Super tax concessions cost the taxpayer about $32 billion a year, according to Treasury. The bulk of this, says [actuary Geoff] Dunsford, goes to middle- and upper-income earners…
Dunsford illustrates four ways in which middle-class retirees gain taxpayer benefits that are relatively more generous than those for average workers.
He uses the examples of a clerk and an executive in the final year of their employment and the first year of their retirement, assuming an age of 65.
Via concessional super contributions, concessions on super fund fixed interest earnings, pension credits on investment earnings and the income tax scale on pension earnings, the executive does proportionately better than the clerk.
Fifty years ago, says Dunsford, normal income tax was paid on super fund pension payments…
Since then, the rules have been changed many times ”enabling the tax on fund withdrawals to be reduced in ever more complex ways”, he says.
The piece de resistance was Peter Costello’s move in 2007 to scrap the tax on super withdrawals taken after the age of 60.
It all makes for a super generous system, so generous though that Dunsford, and those few with the principle to speak against the compelling interest of their own hip pockets, reckon it won’t last for too long.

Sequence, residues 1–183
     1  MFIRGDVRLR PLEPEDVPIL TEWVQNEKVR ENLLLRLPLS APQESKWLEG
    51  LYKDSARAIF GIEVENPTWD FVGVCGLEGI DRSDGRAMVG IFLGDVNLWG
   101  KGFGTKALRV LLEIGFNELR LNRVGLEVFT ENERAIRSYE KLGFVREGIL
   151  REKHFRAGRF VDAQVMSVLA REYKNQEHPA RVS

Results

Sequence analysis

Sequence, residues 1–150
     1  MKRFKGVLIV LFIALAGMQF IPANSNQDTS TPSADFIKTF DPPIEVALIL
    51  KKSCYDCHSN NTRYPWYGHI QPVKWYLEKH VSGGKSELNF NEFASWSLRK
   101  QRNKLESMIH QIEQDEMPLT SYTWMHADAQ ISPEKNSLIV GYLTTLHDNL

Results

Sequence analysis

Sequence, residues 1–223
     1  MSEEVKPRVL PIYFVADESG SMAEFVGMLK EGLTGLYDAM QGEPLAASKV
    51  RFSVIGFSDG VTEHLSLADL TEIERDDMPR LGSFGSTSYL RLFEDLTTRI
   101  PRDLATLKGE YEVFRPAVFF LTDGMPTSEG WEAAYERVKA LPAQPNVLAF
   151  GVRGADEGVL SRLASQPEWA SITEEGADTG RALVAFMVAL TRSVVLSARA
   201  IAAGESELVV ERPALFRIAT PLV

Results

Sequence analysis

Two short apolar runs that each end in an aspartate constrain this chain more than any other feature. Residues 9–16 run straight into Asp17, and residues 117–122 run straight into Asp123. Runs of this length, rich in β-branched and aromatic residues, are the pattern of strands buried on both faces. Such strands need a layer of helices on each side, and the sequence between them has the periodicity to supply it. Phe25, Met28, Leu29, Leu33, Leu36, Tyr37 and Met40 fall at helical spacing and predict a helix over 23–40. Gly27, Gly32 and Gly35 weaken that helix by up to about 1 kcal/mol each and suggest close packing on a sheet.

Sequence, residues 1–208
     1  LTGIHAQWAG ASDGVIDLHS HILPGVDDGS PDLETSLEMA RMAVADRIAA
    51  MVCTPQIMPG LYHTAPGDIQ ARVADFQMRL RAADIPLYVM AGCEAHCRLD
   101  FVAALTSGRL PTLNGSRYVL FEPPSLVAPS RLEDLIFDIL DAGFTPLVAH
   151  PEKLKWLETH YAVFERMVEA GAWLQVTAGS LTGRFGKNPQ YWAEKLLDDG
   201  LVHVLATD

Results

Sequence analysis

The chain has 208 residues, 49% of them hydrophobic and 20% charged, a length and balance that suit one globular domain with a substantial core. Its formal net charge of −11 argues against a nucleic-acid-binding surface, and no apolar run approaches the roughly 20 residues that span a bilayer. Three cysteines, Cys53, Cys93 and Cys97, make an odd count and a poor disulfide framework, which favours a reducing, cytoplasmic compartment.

As illustrated in the above table, there are many flaws in Australia’s superannuation system that make it both highly inequitable and unsustainable as Australia’s population ages. Central among these concerns is that it allows an individual to retire at 60, withdraw their super tax free as a lump sum, blow the money on consumption, and then go on the aged pension from 65 years of age. In such instances, the taxpayer is left wearing the cost of superannuation concessions throughout the individual’s working life, and then again once that same individual goes on the aged pension. It is a loop hole that must be closed, and taxing superannuation lump sums, whilst at the same time encouraging retirees to withdraw their savings as a annuity (instead of the pension), is essential to ensure the system’s longevity.
More broadly, the flat 15% tax on superannuation contributions should also be axed in favour of a flat 15% concession. As illustrated above, under the current 15% flat tax arrangement, the amount of super concessions rises as one moves up the income tax scale, resulting in a system whereby higher income earners receive the most super tax benefit, despite being the very people that are the least likely to rely on the aged pension in retirement. A flat 15% concession, by comparison, would improve the equity and sustainability of the system by: 1) providing all taxpayers with the same taxation concession; 2) boosting lower income earners’ super savings and thus reducing reliance on the aged pension; and 3) reducing costs to the budget.
A major impediment to reform is the superannuation industry itself. As noted by West elsewhere in his article, the industry has grown so big and powerful following the introduction of compulsory superannuation, that like “Frankenstein’s monster… [it] is now pulling its master’s strings”.
Ultimately, however, with Australia’s population ageing as the large Baby Boomer cohort shifts into retirement, and Australia facing a falling proportion of workers supporting retirees (see next chart), root-and-branch superannuation reform will have to be pursued. Just don’t expect anything to happen until there’s a fiscal emergency.